The focus of this post is a bit narrow: yesterday’s Euro Championship matches including the one I was fortunate enough to attend here in Kyiv. Let’s do this.
The first match was in the eastern Ukrainian city of Donetsk between Ukraine and France. I’ve heard several times that Donetsk probably has the nicest stadium in Ukraine, which is not at all connected to the fact that one of the most powerful oligarchs owns the team there. Anywho, what this meant was that the fan zone in Kyiv was extremely crowded and they blocked the entrances before the match as it had reached capacity. Alas, superfan Roman & I were on the outside.
All was not lost as we found our way in! Perhaps Roman had read my earlier blog post and remembered that one of the best ways to travel in Ukraine is to disabuse traditional methods of crossing fences/rivers/etc. Thus, instead of going down the stairs to the metro, we followed 15-20 people making their way along the top of the wall that separated the stairwell descent from the sidewalk and from there hopped into the fan zone. We did this in front of 30 policemen who were quite content not to care.
Once we got into the fan zone, it started raining extremely hard in Donetsk and only a bit in Kyiv. In fact, it rained so hard in Donetsk that they delayed the match and even spoke of cancelling it. This pause only five minutes could have been a good time for the Ukrainian players to reflect that it was great chance for their country to advance to the quarterfinals with a win, put themselves in good position with a draw, or be put in a tough position with a loss. Perhaps they decided that, as is tradition in Ukrainian history, they favor a tough position and disappointingly lost 2 – 0. However, I optimistically reminded my friends they still have a chance to advance if they are able to beat England in their next match…Speaking of the Englanders…
The other match of the night was England-Sweden. Before I get to my personal recount of the excitement, let me explain again just how intense people are getting into this. Below is a picture first of English fans, and then of Swedish fans.
Now all looks fun and such but here are some little factoids. 1. They were maybe, MAYBE, 10 meters apart. 2. There was no security between them at all, just people walking back and forth. 3. I’d say the majority were either “drunk” or “really drunk.” 4. This was June 14…as in the day BEFORE the match.
Thankfully, even when one English guy climbed up to the Swedish corner and opened up the British flag, nothing really happened. Swedish people love peace (and ironically selling arms, but that’s for a different post) and I don’t think the English fans were looking for trouble-it seemed they were happy to throw their beer in the air and get showered in it themselves. Anyway, as this was over 24 hours before the match I knew this was going to be a good one.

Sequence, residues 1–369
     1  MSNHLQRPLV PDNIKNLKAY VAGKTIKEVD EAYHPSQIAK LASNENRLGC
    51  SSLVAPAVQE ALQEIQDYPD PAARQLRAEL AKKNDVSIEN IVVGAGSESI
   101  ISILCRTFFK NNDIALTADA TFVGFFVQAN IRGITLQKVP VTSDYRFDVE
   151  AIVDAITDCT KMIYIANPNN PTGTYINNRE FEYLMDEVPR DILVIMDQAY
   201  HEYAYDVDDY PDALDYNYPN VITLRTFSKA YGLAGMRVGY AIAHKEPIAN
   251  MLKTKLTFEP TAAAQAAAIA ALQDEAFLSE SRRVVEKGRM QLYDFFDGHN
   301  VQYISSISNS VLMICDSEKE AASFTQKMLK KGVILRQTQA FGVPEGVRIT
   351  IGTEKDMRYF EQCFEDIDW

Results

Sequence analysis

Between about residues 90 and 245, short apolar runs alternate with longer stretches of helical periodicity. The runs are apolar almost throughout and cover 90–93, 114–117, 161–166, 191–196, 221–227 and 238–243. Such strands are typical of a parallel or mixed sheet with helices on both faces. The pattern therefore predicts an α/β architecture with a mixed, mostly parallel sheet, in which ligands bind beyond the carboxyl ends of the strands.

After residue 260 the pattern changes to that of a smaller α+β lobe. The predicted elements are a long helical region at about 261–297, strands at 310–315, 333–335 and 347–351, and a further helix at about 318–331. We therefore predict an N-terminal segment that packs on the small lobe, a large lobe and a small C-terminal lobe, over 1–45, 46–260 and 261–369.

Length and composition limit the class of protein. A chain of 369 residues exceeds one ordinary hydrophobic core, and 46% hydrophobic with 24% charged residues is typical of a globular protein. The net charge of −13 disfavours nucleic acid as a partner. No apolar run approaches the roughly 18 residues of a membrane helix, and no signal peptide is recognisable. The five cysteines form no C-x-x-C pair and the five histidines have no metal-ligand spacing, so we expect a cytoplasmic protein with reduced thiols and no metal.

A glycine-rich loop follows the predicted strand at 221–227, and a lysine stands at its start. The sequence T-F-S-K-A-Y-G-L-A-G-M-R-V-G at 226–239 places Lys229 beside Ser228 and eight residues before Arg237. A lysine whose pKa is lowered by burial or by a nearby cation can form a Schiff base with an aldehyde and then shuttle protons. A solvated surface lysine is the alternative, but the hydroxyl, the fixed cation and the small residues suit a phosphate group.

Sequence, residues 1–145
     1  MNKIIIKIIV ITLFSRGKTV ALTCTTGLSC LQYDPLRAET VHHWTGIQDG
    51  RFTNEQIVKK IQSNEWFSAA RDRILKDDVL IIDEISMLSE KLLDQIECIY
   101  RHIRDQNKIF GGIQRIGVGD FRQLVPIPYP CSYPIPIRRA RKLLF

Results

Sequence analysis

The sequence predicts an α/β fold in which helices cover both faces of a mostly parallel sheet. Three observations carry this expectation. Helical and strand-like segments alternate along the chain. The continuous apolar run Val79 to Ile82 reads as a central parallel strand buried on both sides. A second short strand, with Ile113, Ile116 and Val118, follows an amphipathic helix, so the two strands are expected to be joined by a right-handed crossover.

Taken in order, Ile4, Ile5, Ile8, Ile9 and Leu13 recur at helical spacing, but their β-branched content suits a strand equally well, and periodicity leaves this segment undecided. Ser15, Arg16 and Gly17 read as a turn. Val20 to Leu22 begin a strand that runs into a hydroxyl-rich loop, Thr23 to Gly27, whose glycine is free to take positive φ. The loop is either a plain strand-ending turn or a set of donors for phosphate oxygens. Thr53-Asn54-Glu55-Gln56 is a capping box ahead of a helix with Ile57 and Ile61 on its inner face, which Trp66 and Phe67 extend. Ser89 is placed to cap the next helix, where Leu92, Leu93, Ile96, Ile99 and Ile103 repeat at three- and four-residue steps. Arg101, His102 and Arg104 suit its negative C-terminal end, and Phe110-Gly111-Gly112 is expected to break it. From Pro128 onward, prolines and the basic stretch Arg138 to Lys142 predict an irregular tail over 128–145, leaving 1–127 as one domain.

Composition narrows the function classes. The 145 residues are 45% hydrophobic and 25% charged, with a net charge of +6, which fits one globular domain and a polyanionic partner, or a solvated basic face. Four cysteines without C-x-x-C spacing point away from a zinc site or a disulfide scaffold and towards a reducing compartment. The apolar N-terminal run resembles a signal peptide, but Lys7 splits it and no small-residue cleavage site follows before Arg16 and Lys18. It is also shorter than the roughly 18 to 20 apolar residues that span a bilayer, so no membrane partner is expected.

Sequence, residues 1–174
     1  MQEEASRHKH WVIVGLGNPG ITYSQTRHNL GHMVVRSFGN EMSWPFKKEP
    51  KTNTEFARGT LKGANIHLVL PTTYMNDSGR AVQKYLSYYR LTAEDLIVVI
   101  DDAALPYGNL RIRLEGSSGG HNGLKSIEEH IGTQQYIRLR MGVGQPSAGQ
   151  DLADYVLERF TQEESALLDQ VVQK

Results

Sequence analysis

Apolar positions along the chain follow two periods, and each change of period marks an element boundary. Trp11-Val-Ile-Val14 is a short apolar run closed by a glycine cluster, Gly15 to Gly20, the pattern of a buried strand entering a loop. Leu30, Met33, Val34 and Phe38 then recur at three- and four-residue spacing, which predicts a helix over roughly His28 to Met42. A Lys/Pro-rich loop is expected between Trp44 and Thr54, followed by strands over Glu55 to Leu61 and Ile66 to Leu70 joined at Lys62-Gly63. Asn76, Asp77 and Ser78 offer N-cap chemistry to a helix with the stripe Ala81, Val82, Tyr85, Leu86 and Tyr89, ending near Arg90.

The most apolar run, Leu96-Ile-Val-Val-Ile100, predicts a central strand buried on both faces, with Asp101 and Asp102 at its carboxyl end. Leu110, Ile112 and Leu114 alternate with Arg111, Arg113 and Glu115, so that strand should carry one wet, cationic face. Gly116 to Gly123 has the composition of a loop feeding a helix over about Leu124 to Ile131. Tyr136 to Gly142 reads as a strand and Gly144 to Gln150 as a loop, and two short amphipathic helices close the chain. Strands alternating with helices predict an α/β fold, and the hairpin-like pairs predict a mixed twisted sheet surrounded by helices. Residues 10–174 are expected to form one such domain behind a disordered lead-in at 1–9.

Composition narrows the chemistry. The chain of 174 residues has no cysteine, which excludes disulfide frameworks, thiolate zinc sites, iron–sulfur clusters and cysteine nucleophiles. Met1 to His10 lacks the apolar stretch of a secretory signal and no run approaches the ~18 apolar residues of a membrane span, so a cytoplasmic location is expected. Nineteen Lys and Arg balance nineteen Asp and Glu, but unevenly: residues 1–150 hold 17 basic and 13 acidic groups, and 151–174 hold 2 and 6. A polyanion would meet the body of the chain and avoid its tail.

On match day, I left the fan zone early during the Ukraine-France match to make sure I could meet 3 friends who were going to the England-Sweden match with me. I owe one former Fulbrighter a lot for pointing out that we could get cheap tickets (15 euros) that had recently gone on sale about 2 weeks ago after a lot of English people had sold them back….ooooo…stadiums of hate! (No comment on that). The problem is the seats were ‘obstructed’ but as we were walking to the stadium, nothing could dampen our spirits.
One unrelated note I’d like to make before continuing with note to the above photo: (Almost certainly barring a miracle call tomorrow from the stadium steward service) RIP my beautiful brown bag. May 2012 – June 2012. You were everything I ever wanted in a suave-looking shoulder-strap bag. Me leaving you in the stadium was not the end you & I deserved. I will always remember our times together, holding each other oh-so-close on the metro. I will hold you in my heart forever, just as you held my Ukrainian books I now have no way of getting back. Shit.
Moving on, I borrowed the Ukrainian scarf for the match which was probably for the better as I found it really difficult to root for either Sweden or England entirely. While as a child I loved Henrik Larsson and took great pride in whatever connection I had to the country, today I have many more connections to England through friends and interests. Since I was undecided who deserved louder cheers while watching the two teams, I ended up cheering for pretty much everything. I think this good mood was helped by the fact that our seats turned out to be quite wonderfully neutral and located.
That’s because we weren’t in the Swedish section…
or the English section…
but instead we were right here…
which meant this was our view…
There may be better tickets a little higher and in the middle of the pitch. I don’t know, from my vantage point I learned some things I definitely might not have otherwise. Thus the game takeaways from this novice football fan are as follows:
Zlatan Ibrahimovich is a freaking beast. Watching him assert his will-which he seemed to do when he felt it was necessary-was absolutely amazing. I don’t remember seeing an athlete in person make so many other people in the same game look so puerile in stature and, occasionally, talent. Even the loaf Andy Carroll looked small and pointless when walking by I Am Zlatan. The guy is a beast.
And yet, England won the match 3 -2 because of a great cross/header, a helluva shot, and an amazing pass and backside of the foot finish. The last two were on my end, straight ahead. I still think hockey is more exciting in person as it definitely moves faster, but watching those goals develop was definitely enjoyable (particularly England’s last goal off the Walcott pass).
All of that left me at the end of the match feeling like this:
So, overall great time. May not make it to another match, but this was definitely worthwhile for the experience. That’s all for now, Kamyanets – Podolski sooner or later.